Overall, fixed home loan rates are expected to remain low by historical standards. The MBA expects rates to end 2011 around a 4.5 percent average, and then possibly dropping slightly to 4.4 percent at some point in 2012. But by 2013, the MBA expects rates to climb back up to 4.9 percent – which is still low by historical standards but does indicate a change in direction.

As always, forecasts can change based on numerous factors not just in the U.S., but also in the global markets. And while the MBA forecast does contain some negative aspects for the markets, it does hold some slightly positive aspects as well.

Economic Calendar for the Week of October 17 – October 21

Date ET Economic Report For Estimate Actual Prior Impact
Mon. October 17 08:30 Empire State Index Oct NA -8.82 Moderate
Mon. October 17 09:15 Industrial Production Sept NA 0.2% Moderate
Mon. October 17 09:15 Capacity Utilization Sept NA 77.4% Moderate
Tue. October 18 08:30 Producer Price Index (PPI) Sept NA 0.0% Moderate
Tue. October 18 08:30 Core Producer Price Index (PPI) Sept NA 0.1% Moderate
Wed. October 19 02:00 Beige Book Moderate
Wed. October 19 08:30 Building Permits Sept NA 620K Moderate
Wed. October 19 08:30 Housing Starts Sept NA 571K Moderate
Wed. October 19 08:30 Core Consumer Price Index (CPI) Sept NA 0.2% HIGH
Wed. October 19 08:30 Consumer Price Index (CPI) Sept NA 0.4% HIGH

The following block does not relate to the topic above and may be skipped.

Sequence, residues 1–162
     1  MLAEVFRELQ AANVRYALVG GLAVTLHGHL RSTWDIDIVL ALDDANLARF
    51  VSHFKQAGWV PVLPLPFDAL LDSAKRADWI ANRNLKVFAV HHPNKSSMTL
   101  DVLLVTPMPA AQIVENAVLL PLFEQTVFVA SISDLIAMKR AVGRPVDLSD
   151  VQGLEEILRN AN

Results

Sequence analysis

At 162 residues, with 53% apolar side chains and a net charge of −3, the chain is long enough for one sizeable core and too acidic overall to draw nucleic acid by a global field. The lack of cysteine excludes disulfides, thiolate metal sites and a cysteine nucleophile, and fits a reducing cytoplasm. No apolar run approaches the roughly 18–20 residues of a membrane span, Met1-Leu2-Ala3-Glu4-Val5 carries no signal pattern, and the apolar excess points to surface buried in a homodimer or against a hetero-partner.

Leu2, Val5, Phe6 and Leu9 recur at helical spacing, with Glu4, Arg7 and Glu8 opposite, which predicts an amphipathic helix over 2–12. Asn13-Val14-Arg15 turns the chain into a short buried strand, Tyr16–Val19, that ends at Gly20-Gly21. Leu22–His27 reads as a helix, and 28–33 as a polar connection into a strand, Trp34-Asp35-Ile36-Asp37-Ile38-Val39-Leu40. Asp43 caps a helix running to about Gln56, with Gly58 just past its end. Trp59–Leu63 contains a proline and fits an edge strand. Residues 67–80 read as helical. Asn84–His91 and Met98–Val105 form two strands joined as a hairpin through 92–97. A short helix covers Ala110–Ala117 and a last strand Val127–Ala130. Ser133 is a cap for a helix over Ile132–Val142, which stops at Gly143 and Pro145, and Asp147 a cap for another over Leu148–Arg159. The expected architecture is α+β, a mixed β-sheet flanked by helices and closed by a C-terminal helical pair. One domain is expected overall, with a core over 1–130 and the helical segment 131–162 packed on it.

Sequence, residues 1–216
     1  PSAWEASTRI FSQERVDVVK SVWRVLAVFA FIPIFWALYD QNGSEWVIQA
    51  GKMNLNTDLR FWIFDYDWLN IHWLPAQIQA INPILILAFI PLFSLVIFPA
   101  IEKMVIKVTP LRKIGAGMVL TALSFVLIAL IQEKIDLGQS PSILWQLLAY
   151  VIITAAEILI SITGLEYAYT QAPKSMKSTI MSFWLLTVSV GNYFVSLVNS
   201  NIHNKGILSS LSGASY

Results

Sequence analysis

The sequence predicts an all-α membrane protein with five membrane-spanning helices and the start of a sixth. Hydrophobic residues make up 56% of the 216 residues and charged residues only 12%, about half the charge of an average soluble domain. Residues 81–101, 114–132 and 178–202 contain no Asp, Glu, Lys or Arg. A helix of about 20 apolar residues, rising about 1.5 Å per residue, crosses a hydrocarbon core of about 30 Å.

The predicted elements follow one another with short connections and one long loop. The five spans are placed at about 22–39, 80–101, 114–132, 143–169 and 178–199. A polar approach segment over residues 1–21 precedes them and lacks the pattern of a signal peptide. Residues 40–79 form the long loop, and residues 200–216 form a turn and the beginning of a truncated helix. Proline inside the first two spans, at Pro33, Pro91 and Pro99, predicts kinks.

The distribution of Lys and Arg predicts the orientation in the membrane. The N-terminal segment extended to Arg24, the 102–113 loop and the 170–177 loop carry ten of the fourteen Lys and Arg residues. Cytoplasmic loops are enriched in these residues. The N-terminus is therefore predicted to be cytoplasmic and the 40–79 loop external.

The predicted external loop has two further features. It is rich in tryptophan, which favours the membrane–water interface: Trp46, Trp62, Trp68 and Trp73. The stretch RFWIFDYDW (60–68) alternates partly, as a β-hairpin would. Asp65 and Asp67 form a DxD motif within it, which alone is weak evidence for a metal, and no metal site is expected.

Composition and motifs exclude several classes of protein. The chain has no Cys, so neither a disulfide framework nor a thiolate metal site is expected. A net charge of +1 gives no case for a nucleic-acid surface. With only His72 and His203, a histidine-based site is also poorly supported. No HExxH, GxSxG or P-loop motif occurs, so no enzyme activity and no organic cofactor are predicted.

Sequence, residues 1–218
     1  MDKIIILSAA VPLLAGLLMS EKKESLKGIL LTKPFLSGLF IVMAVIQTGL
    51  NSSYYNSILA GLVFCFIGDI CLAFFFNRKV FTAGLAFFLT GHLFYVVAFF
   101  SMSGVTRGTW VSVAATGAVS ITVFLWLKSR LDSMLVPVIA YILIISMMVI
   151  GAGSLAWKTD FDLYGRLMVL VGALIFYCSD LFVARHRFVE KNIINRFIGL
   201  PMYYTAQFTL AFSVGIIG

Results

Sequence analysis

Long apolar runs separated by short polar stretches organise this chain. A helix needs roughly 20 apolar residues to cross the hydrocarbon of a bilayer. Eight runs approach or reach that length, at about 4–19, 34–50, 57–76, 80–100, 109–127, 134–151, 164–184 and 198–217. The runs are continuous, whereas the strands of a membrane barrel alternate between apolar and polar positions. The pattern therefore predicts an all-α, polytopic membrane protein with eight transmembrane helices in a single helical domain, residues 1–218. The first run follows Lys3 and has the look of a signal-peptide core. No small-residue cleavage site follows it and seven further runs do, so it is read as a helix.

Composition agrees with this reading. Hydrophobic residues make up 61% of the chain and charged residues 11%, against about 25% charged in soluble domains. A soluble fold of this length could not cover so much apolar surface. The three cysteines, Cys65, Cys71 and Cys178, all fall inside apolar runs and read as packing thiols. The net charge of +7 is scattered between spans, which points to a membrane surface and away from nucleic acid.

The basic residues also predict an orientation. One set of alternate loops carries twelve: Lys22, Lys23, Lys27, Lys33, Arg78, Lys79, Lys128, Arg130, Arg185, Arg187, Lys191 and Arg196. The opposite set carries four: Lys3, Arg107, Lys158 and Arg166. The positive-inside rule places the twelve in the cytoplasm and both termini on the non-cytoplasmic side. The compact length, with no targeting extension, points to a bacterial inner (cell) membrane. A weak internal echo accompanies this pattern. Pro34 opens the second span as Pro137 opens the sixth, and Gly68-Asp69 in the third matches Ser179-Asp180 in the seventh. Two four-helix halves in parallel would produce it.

Thu. October 20 08:30 Jobless Claims (Initial) 10/15 NA NA Moderate
Thu. October 20 10:00 Existing Home Sales Sept NA 5.03M Moderate
Thu. October 20 10:00 Philadelphia Fed Index Oct NA -17.5 HIGH
Thu. October 20 10:00 Index of Leading Econ Ind (LEI) Sept NA 0.3% Low
The material contained in this newsletter is provided by a third party to real estate, financial services and other professionals only for their use and the use of their clients. The material provided is for informational and educational purposes only and should not be construed as investment and/or mortgage advice. Although the material is deemed to be accurate and reliable, we do not make any representations as to its accuracy or completeness and as a result, there is no guarantee it is without errors.
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Real Estate Week In Review

For the week of Oct 10, 2011 — Vol. 9, Issue 41

In This Issue
Last Week in Review:The Jobs Report for September is in…was it full of good surprises or bad ones?Forecast for the Week:A holiday-shortened week is ahead, with two important reports coming on Friday.View: Stress is no laughing matter…or is it? Read on to find the answer.
Last Week in Review